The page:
What Traders are Talking About:
Overnight highlights: As of 6:30 a.m. CT, corn and wheat futures are narrowly mixed, while soybeans are 4 to 5 cents higher. Light and choppy trade is expected through the day session as traders await USDA's highly unpredictable Quarterly Grain Stocks Report on Monday. Cattle futures are called steady to firmer this morning, while hogs are seen opening mixed.
* Positive price action for wheat. I've spent a lot of time talking about the wheat market this week, largely because wheat is making some positive noise for the first time in a long while. Much of my commentary has centered on wheat facing struggles trying to find sustained buying interest if corn and soybeans face seasonal pressure through harvest. But with that said, there has been some positive fundamental news. Adding to the recent wheat-friendly news are reports out of Ukraine that the country's winter wheat plantings may be trimmed by 30% due to excessive wetness. More importantly, the technical picture is starting to perk up. December SRW wheat futures are working on a rounded bottom on the daily chart and have clearly violated the downtrend from the May and June highs. There's still tough resistance at $6.88 1/2 and $7.05 3/4, but if the contract can clear those levels, it would open the door for a recovery to the $7.60 area.
The long and short of it: The price recovery in wheat is still just a correction to the bear market, but this week's price action is a sign the wheat market will try to make a stronger near-term push to the upside.
* Weekend weather key in Argentina. Argentina's wheat crop was nipped by a frost earlier this week, though as I've mentioned, the damage was likely overstated and the coldest temps missed the key production areas. But another (potentially stronger) frost/freeze event is forecast for the next couple of nights over parts of Argentina's wheat production areas. Damage from this event could determine how much exportable wheat supplies Argentina will have to ship to Brazil. Why is this important? Well, Brazil's ag minister says Argentina is expected to have a wheat surplus of 6 MMT this year, meaning his country would be able to source the bulk of its wheat needs from Argentina and wouldn't have to buy wheat outside of the Mercosur (South American trading bloc).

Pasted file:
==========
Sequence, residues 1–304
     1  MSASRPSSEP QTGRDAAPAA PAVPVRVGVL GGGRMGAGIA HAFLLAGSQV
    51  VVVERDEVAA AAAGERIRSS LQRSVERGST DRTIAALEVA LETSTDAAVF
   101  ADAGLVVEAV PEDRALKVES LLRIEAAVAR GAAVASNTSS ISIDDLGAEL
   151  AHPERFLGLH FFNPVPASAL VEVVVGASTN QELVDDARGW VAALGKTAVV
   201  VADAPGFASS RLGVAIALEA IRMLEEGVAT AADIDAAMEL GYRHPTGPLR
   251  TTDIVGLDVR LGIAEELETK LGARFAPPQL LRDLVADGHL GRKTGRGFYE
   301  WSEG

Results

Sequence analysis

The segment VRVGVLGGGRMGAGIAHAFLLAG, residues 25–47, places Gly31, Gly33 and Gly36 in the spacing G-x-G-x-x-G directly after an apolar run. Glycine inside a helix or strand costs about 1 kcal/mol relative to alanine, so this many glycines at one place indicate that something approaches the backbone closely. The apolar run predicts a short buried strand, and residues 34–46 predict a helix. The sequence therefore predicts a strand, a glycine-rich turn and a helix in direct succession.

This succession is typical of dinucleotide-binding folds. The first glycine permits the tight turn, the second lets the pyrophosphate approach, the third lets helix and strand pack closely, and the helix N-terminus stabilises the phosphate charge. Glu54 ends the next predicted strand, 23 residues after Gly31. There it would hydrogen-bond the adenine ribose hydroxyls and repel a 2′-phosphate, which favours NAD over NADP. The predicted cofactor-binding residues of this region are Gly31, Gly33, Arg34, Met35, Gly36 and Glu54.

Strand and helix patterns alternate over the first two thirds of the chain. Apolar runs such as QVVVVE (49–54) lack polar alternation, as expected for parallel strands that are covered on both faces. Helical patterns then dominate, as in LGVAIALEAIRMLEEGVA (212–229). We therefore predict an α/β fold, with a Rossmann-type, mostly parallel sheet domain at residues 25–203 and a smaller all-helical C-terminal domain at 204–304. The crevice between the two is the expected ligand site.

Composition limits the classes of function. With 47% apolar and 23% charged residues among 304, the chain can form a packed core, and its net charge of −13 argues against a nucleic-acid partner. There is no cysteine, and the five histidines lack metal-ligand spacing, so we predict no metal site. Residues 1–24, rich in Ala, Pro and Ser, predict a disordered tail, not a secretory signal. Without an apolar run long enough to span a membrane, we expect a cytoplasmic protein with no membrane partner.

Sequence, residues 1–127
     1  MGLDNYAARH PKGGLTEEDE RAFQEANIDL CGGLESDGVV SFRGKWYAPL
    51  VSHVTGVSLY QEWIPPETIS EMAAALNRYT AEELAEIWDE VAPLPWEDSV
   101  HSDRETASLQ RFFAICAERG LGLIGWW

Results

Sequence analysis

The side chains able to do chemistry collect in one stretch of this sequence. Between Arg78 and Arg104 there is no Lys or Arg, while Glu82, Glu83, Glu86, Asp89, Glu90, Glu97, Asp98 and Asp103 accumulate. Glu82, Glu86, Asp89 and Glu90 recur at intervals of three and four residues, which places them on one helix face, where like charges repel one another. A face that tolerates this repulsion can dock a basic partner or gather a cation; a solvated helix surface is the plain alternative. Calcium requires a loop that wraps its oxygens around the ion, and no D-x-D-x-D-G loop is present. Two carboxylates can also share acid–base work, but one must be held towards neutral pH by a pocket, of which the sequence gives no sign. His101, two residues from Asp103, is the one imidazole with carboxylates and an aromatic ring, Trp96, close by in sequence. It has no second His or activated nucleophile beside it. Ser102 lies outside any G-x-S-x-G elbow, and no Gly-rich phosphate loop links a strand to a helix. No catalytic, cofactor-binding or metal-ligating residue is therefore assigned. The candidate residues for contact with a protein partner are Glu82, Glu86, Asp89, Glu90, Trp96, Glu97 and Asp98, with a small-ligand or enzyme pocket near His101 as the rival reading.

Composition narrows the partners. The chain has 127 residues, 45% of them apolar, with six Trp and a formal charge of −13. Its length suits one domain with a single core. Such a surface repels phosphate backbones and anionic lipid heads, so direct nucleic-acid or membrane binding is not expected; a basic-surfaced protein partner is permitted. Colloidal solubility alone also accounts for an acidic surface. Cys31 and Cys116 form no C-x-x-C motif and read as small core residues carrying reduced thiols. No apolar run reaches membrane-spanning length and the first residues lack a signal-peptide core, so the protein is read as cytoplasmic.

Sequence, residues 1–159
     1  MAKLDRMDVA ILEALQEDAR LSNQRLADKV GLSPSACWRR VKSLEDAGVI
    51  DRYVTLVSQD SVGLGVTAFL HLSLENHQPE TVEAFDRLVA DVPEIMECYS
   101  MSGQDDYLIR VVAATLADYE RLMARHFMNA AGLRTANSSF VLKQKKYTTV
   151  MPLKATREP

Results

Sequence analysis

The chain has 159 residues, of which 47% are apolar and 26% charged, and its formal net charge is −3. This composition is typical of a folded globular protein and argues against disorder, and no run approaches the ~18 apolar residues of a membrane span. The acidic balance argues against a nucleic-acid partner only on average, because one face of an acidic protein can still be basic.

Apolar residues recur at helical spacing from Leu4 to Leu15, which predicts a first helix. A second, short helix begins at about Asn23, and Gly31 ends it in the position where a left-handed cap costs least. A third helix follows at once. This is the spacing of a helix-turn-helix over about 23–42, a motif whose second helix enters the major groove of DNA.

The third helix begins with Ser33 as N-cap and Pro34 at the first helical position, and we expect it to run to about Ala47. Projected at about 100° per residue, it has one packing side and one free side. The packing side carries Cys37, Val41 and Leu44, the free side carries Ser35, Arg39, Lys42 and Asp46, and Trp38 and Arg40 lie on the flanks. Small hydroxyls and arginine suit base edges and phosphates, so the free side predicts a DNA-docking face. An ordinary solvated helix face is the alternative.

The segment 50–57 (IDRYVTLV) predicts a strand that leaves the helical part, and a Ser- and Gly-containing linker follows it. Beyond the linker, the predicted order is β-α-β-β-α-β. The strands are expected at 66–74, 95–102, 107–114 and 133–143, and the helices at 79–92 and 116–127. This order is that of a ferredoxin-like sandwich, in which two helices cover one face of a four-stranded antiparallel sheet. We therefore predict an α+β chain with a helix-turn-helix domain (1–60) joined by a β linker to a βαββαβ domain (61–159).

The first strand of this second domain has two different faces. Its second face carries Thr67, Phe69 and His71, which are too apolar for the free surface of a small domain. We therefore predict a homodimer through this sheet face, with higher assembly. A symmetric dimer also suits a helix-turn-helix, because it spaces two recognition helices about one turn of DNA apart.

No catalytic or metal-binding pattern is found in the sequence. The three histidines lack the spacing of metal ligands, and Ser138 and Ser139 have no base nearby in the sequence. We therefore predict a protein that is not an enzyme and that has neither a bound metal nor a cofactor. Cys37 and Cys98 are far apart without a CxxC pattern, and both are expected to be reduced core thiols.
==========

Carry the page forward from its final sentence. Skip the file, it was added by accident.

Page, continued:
The long and short of it: If Argentina's wheat crop can escape serious damage from the cold snap, it would mean less demand for U.S. wheat, as Argentina would take back Brazilian demand.
* Chinese gov't to buy more grain next year. China's import quotas for corn (7.2 MMT) and wheat (9.6 MMT) in 2014 will be the same as they are this year (and have been for many years). But the Chinese government is allocating a larger percentage of grain imports to state-owned firms next year, according to the National Development and Reform Commission, suggesting there's going to be a focus on rebuild state-owned reserves. Therefore, private Chinese firms will have less low-tariff quotas to work with. In essence, the Chinese government will have even greater control over corn and wheat imports next year.
The long and short of it: This doesn't mean private firms can't import corn and wheat, but they would have to pay a much higher import tariff if they want to go beyond the quota. In all likelihood, that means private firms will continue to look for alternatives, such as sorghum and DDGs, which is already happening as their 2013 import quotas are exhausted.
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